OCCUPANCY BILL: Cities, Landlords At Odds

This is an archived article and the information in the article may be outdated. Please look at the time stamp on the story to see when it was last updated.

It's been dubbed the "occupancy bill" and its supporters say it's meant to make more money for landlords. Iowa's largest cities are lining up to fight it.

You`ll find plenty of single family homes turned into rental properties in the Drake neighborhood.  In Des Moines, each unit can be occupied by no more than four unrelated adults.

Supporters of House File 2331 would like that to change.

“We think we`re on the right of this, it`s rental property owner rights,” Andrew Lietzow of the Iowa Landlords Association says.

But that suggestion has cities across Iowa recoiling. It would take away their right to put limits on the number of people who could occupy rental properties.

“We could have houses in our neighborhoods that have significantly more people and that means more cars in the street, more traffic, more noise,” Des Moines city council member Chris Coleman says.

And, less property value for homeowners that might suddenly find themselves flanked by halfway houses or even shelters.

This legislation was last shot down in 2007 when the city of Ames maintained its right to keep limits on student rental properties.  This time around, the landlords association is fighting harder.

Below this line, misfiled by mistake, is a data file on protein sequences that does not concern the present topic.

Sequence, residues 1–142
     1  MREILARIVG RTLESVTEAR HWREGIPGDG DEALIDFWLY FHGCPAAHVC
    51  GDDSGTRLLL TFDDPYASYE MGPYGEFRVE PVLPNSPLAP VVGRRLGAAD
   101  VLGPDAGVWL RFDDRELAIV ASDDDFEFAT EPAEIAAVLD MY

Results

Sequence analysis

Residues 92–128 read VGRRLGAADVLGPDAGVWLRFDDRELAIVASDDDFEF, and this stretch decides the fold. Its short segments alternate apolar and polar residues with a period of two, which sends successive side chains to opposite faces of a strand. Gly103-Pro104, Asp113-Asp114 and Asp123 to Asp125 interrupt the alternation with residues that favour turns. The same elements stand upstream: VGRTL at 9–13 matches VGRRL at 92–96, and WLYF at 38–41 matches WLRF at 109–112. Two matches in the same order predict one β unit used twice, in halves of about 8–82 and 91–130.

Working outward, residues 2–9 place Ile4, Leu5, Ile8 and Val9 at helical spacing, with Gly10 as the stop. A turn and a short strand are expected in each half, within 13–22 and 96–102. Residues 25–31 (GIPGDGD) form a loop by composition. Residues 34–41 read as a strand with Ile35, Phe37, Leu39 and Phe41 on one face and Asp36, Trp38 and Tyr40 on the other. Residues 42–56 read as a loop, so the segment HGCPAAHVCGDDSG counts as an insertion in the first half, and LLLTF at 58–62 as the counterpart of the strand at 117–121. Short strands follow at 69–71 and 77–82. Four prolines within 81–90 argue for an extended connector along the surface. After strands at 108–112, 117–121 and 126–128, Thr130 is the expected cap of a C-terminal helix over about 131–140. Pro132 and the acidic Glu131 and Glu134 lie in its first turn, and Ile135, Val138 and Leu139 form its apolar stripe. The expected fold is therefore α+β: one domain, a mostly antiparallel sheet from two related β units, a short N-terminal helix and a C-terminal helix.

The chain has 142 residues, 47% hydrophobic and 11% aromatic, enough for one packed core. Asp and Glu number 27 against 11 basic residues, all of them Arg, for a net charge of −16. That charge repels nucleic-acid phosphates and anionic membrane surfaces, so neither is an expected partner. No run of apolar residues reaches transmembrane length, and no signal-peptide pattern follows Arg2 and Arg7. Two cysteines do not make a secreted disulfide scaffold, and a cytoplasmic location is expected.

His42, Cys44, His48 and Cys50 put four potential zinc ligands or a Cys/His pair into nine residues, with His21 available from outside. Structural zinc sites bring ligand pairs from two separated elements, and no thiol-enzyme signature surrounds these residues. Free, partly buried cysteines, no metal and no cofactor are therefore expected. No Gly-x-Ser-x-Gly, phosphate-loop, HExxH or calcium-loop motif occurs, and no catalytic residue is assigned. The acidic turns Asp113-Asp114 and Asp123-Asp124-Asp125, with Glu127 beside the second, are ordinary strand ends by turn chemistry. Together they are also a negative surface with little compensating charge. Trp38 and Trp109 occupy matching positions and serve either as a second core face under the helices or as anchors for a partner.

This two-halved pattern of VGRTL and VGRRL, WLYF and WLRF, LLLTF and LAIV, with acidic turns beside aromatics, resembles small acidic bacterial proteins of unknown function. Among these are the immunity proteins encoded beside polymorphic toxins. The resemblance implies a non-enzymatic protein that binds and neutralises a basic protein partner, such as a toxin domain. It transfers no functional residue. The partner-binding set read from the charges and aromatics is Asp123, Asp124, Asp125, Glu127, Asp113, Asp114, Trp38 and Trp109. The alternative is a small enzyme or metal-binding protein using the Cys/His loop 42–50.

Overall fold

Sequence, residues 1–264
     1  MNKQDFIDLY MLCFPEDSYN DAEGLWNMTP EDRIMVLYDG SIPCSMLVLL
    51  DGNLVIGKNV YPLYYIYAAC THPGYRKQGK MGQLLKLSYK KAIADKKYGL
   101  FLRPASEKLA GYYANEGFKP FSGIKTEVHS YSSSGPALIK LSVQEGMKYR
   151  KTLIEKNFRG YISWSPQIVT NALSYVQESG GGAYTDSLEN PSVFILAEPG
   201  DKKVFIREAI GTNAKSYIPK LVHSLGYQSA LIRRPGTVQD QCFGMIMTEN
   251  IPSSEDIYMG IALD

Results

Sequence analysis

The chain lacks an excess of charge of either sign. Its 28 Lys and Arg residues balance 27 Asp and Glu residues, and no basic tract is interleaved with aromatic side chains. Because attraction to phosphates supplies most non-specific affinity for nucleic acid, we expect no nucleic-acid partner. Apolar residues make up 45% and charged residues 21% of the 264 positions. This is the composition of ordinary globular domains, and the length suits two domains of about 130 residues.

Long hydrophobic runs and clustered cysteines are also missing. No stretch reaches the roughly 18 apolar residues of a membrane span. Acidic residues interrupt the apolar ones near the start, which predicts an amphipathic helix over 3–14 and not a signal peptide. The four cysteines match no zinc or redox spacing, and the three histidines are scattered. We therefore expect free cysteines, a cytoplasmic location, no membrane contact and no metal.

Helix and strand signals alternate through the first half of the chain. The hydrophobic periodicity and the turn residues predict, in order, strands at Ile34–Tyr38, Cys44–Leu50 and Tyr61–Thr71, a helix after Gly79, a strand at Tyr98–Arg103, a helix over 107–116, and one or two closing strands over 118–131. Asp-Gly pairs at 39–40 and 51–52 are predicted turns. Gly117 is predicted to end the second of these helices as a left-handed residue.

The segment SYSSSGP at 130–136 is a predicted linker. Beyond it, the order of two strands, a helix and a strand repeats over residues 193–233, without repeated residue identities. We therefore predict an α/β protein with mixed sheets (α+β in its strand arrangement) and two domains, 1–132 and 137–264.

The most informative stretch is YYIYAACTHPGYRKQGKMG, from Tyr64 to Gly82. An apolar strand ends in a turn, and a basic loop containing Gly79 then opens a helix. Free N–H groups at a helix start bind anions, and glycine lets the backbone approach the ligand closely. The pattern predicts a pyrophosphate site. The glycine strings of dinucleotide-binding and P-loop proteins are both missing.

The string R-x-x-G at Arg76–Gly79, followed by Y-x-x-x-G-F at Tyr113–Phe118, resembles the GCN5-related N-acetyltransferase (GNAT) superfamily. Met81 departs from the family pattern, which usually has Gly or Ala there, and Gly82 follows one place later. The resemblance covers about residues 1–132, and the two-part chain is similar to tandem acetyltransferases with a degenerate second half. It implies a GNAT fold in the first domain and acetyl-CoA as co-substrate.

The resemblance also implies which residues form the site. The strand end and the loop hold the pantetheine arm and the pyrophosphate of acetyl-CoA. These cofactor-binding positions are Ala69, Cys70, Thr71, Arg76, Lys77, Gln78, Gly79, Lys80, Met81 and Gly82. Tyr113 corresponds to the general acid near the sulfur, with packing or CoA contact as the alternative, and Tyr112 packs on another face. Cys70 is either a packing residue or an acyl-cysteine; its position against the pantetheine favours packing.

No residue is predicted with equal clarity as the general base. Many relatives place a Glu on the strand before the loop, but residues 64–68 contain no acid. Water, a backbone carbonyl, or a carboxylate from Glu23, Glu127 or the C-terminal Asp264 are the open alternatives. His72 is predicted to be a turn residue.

“What they tell you is `Oh, if we let all these students have access to larger properties that have lots of bedrooms, all of a sudden you`ll have Animal House,” Lietzow says.

Most of Iowa`s major cities are fighting the bill and picking up supporters.  They think this challenge might be tougher, but common sense will again prevail.

“Senators and House members have to do what`s best for the people that elected them and not a few business owners,”

The bill needs approval by the judiciary committee before it could be brought before the full House.  The judiciary committee meets Wednesday but has not yet set an agenda for the meeting.